“Some of their programming is still below what was expected because of COVID, and then some of that (revenue) will be coming in with their spring sports, so we anticipate that coming up  some,” Welch  said.

At the two-thirds point in the fiscal year, recreation expenditures are also behind schedule, at  52.3% of annual  budget, but still totaled $2.93 million by Feb.  28.  The county had to make a scheduled debt payment for the Splash facility from other sources, Couch noted.


Elections & deaths

Two relatively small county departments have spent more than budgeted for reasons pertinent to 2020-2021.

After an usually full election season, capped by Georgia’s unique Jan. 5 U.S.  Senate runoff, Bulloch County Elections and Registration office expenditures ran to $370,596 by Feb. 28, or 95% more than the agency’s full-year budget of $189,877.

Meanwhile, the coroner’s office’s spending, $112,237, has surpassed its budget by 61%, attributed to additional cases.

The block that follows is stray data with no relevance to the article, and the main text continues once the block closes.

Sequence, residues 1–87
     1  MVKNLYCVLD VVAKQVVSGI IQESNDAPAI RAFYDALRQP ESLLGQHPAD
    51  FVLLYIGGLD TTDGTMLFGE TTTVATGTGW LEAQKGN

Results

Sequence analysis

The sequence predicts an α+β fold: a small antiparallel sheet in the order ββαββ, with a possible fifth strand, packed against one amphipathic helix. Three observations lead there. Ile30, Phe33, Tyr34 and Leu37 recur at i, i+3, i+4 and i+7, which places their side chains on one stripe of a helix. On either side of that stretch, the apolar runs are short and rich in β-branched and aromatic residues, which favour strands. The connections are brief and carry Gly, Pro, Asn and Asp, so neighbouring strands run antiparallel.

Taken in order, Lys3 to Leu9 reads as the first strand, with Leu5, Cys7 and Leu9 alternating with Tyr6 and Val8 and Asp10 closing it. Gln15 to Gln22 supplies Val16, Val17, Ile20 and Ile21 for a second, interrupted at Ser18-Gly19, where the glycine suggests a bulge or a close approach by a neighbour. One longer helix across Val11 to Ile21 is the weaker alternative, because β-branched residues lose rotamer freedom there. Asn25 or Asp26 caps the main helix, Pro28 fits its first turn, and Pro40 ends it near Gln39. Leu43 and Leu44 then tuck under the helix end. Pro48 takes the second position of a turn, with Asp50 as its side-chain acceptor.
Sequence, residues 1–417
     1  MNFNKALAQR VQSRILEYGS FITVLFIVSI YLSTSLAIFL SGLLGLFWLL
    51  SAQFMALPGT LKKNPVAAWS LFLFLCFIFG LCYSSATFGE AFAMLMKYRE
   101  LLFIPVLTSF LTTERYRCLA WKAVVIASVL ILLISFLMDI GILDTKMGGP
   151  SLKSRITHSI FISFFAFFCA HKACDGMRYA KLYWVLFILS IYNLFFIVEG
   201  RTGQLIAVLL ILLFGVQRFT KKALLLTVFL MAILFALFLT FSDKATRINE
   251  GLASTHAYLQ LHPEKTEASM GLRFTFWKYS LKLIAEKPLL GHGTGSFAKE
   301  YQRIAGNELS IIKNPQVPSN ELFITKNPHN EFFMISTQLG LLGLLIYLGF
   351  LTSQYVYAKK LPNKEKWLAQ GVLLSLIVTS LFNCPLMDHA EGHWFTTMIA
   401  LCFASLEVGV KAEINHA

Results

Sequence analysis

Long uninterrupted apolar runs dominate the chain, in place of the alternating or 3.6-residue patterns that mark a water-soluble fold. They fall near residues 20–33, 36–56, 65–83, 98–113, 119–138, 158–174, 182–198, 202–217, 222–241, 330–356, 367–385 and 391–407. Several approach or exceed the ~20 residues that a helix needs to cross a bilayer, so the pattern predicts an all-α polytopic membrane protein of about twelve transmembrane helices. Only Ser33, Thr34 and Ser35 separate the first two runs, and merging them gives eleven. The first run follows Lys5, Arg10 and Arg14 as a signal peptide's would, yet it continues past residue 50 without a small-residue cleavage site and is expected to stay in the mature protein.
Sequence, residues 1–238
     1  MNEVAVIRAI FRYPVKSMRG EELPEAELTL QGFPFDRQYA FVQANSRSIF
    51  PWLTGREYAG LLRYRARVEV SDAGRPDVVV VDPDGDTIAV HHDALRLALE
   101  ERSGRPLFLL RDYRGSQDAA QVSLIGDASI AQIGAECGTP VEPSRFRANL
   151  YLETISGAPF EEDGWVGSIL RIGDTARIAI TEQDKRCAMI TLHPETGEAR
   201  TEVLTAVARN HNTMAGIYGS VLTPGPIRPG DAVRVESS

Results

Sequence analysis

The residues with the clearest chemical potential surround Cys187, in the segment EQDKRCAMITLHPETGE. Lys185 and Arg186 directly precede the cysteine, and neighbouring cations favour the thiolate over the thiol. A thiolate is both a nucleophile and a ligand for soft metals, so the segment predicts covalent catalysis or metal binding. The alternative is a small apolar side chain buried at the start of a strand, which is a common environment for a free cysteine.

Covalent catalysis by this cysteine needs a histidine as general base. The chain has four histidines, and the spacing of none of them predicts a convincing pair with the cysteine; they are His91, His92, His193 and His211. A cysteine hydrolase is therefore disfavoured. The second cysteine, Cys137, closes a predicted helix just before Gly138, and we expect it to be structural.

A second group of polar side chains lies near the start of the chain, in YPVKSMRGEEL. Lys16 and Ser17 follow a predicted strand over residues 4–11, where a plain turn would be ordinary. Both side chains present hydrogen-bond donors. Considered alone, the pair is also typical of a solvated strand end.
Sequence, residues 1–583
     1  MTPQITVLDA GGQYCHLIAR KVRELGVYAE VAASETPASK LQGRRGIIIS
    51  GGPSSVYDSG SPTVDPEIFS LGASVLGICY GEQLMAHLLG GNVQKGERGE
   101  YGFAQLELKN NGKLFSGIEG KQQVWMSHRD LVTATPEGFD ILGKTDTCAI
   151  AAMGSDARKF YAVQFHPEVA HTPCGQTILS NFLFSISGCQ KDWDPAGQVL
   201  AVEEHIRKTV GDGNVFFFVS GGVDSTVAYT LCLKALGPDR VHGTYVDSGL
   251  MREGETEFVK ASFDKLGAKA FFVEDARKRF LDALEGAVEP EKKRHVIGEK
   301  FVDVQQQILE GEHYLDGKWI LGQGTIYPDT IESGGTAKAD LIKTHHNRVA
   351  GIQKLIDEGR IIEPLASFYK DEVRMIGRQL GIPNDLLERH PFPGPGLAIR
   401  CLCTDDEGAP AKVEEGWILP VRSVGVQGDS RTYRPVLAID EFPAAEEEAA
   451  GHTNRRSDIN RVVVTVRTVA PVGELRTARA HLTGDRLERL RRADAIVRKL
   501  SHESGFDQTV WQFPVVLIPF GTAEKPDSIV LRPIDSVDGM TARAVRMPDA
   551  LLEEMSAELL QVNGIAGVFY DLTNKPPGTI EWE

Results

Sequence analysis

But with 66.7% of the fiscal year now past, general fund spending by the county government as a whole amounts to $25.8 million, or only 62% of the budgeted $41.6 million.

Couch asked Welch whether, if the CARES funding were taken out and the money the county had to pay on the Splash loan were put  back into the general fund, revenues and  expenditures would be running  close to what was originally budgeted.  Welch said, “Yes,” and Couch praised the county budgeting team for their work.

 “I think we made some pretty good assumptions about how COVID would affect us here,” he said.

But a projected sharp decline in Special Purpose Local Option Sales Tax revenue, which goes into a separate fund for specific projects, never occurred, he noted.